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Adding a Standard Stack-up to Your PCB Documentation

Al Wright
Written by Al Wright
Posted on July 9, 2020 at 9:32 AM

As somebody whose job it is to analyze several multilayer PCB designs per week, I find it surprising whenever I receive a data package that does not include a defined lamination stack-up. The way that the layers are constructed can affect the PCBs performance, so these packages feel like they are missing a potentially important piece of information.

Occasionally a designer will include a barebones instruction, most commonly one stating that the board is to be built “with balanced construction.” While this is not very specific – meaning only that the dielectric layers should be symmetrical around the center of the PCBs Z-axis center point – it at least communicates that the designer has considered whether or not the stack-up is critical, and has decided that it is not. In such cases, the circuit board fabricator will interpret the statement as a green light to select whatever they consider to be a standard, low-cost material set appropriate to the design’s layer count. Then they will build the circuit board. While this approach is still surprisingly common, it is not ideal.

Looking ahead, if a second source or a replacement fabricator builds the same board later, there is potential for variation to occur. Each fabricator has a slightly different opinion about what is standard, so because the customer has never documented the original fabricator’s stack-up, the second fabricator may use a different material set based on their own assumptions and preferences. To avoid unintended variation, I always suggest that PCB designers specify a stack-up in their circuit board documentation.

In this blog post we will review some examples of low-cost stack-ups that any PCB fabricator should be able to follow with materials on hand.

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Benefits of a Defined, Documented PCB Stack-up

Having a defined, documented stack-up ensures that if your new PCB is being quoted for its first build, every fabricator who bids on it will use the same material set, instead of using what they consider to be standard. At the quote stage, this will give you an apples-to-apples set of price bids. Later, at the manufacturing stage, you will be able to use multiple suppliers for high-volume orders.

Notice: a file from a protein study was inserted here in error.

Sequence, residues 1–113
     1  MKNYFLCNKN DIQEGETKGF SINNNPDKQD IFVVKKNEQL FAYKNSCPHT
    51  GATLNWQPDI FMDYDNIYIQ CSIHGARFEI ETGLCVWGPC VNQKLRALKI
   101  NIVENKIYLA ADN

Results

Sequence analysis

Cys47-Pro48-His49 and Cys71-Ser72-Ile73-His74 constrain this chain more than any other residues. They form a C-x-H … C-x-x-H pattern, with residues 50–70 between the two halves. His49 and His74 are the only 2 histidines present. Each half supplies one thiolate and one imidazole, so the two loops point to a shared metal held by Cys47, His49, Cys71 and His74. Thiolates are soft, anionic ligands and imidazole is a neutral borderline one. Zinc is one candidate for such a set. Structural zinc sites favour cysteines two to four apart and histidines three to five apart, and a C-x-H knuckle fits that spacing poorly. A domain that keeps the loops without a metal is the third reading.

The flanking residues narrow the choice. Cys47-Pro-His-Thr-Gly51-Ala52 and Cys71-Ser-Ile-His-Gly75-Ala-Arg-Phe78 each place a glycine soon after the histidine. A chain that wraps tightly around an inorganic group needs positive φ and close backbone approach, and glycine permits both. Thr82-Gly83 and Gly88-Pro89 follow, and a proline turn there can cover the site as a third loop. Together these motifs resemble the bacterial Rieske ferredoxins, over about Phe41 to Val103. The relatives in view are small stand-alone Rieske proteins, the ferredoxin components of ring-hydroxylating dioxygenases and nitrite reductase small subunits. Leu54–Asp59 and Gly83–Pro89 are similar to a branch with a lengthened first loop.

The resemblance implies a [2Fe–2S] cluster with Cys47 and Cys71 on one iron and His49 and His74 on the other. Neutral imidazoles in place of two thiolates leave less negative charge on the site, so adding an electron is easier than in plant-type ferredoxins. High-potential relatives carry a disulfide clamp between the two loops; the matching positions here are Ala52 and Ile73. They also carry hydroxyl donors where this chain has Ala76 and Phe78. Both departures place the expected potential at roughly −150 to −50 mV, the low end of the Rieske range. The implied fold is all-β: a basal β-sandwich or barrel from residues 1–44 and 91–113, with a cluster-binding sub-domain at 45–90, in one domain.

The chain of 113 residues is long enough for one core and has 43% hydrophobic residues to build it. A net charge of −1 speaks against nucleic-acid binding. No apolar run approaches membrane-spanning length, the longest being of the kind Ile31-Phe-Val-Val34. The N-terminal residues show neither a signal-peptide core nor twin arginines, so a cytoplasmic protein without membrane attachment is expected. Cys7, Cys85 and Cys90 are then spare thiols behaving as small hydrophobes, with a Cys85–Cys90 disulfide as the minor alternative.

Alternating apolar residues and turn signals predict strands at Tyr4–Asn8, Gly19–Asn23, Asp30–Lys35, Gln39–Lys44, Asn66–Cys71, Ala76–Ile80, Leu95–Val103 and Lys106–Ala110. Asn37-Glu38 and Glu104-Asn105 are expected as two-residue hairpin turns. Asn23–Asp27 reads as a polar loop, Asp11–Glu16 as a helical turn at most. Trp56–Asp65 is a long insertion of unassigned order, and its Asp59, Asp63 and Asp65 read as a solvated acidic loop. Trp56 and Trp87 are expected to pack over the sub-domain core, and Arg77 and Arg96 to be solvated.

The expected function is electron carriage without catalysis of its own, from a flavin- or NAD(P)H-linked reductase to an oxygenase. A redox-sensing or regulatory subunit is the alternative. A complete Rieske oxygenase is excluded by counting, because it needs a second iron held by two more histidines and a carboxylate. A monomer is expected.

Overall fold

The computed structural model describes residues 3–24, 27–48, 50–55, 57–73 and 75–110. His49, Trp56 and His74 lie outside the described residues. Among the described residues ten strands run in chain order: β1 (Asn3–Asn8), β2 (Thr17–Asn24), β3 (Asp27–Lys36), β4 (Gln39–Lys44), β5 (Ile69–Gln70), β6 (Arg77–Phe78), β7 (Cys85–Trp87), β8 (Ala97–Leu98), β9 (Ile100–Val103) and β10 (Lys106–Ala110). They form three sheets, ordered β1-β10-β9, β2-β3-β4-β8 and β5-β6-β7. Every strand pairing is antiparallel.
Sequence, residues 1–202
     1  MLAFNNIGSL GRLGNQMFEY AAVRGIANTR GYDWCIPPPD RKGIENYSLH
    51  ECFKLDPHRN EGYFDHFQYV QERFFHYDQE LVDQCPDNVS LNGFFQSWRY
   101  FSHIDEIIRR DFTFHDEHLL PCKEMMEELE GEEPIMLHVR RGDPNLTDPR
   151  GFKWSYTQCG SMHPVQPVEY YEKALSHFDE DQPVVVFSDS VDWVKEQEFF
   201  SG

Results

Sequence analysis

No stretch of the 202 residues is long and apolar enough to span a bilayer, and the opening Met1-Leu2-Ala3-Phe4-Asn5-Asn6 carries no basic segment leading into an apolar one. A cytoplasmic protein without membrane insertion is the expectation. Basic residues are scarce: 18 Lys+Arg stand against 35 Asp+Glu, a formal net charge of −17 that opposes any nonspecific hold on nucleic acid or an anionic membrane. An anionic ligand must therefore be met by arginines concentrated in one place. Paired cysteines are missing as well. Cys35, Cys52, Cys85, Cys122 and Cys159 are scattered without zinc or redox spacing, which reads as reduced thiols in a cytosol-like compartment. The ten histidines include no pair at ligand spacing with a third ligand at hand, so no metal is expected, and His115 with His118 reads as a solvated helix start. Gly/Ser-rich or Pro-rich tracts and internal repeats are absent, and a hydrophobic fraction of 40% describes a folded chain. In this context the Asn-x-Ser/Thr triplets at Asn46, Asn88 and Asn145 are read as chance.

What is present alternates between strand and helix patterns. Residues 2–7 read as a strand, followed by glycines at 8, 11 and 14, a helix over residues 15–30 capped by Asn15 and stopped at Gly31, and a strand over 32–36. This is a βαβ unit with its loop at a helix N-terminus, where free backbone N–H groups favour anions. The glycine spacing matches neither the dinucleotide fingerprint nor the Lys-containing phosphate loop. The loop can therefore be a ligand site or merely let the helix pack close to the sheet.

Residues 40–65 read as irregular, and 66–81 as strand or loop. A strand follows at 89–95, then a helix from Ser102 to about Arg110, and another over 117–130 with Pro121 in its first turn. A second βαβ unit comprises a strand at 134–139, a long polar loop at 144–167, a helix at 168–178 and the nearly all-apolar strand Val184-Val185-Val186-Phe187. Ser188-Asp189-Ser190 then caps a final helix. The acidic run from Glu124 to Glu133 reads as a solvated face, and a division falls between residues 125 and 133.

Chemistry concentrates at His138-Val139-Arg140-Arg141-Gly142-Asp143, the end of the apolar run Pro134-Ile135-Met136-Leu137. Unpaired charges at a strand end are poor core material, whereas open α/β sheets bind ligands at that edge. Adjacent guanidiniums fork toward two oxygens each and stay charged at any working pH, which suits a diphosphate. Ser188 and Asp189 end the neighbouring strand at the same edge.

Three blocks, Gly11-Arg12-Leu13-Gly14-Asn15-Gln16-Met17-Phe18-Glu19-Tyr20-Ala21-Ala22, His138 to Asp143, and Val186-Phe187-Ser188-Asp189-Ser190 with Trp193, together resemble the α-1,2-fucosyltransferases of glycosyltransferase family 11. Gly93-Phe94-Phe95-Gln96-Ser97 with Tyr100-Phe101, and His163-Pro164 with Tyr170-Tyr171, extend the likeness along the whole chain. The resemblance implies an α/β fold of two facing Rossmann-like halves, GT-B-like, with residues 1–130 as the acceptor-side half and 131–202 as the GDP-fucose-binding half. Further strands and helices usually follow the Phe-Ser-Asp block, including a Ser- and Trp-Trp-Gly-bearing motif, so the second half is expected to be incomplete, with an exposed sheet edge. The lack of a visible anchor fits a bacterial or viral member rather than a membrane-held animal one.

You will also find it easier to replace an underperforming incumbent supplier, without risking unintended consequences in the form of boards that do not perform quite as you have come to expect.

PCB Stack-up Basics

Balanced Construction

Most multilayer PCBs use balanced construction. This is sometimes misunderstood to mean “all layers to be of equal thickness,” but while such a board would indeed be balanced, that is not the exact meaning of the phrase. What “balanced” means in this context is that if you were to cut a cross-section from your PCB, then the layers above the center line would follow the same pattern as those below the center line.

The thicknesses would not necessarily be identical, but the layers counting down from the top would be a mirror image of those counting up from the bottom. For example, the five dielectric layers required for a 6-layer PCB might be as follows: 0.008/0.014/0.012/0.014/0.008.

Pre-Preg vs. Core

A common assumption exists that the number of “core” layers (fully cured laminate, most often clad on both sides with copper foil for printing the circuit pattern) will be half the number of total layers. Again, using a 6-layer PCB as an example, that would seem to imply a 3-core construction, with L1-L2, L3-L4, and L5-L6 being paired on either side of the individual cores. While it is possible, and in some cases necessary to build a board this way, this is not the method fabricators prefer.

Instead, the top and bottom layers of the stack typically use sheets of copper foil laminated to the internal layers by means of prepreg (partially cured laminate used for bonding). While the details fall outside the scope of this post, this type of “foil” construction offers ease of manufacture compared to a core construction. Accordingly, the examples below will all use the “foil” construction method.

An easy way to anticipate the number of cores that will be used in a stack-up is to take the total layer count, subtract 2, then divide the difference by 2. So, for a 6-layer PCB, 6 minus 2 equals 4, divided by two equals 2 cores (at L2-L3, and L4-L5). If this seems a little counterintuitive, then the graphics below should better help illustrate this.

The examples below all use the “foil” construction method. Copper for all layers is 1-oz.

0.40” - 4-Layer PCB Stack-Up

0.40” - 4-Layer PCB Stack-Up

0.62" - 4-Layer PCB Stack-Up

0.62" - 4-Layer PCB Stack-Up

0.47" - 6-Layer PCB Stack-Up

0.47" - 6-Layer PCB Stack-Up

0.62" - 6-Layer PCB Stack-Up

0.62" - 6-Layer PCB Stack-Up

0.62" - 8-Layer PCB Stack-Up

0.62" - 8-Layer PCB Stack-Up

0.62" - 10-Layer PCB Stack-Up

0.62" - 10-Layer PCB Stack-Up

0.93" - 12-Layer PCB Stack-Up

0.93" - 12-Layer PCB Stack-Up

Summary

It is important to understand that multilayer PCC stack-up design is a very deep topic with almost limitless potential for variation. The example stack-ups herein are not intended to cover PCBs that have critical requirements related to controlled impedance, low signal loss, EMI shielding, etc. Instead, consider them to be useful and inexpensive solutions for defining the materials required for basic multilayer boards. They will help you as a designer to understand how your new PCB will be built, while ensuring consistent results, no matter where your boards are built.


Topics: Printed Circuit Boards


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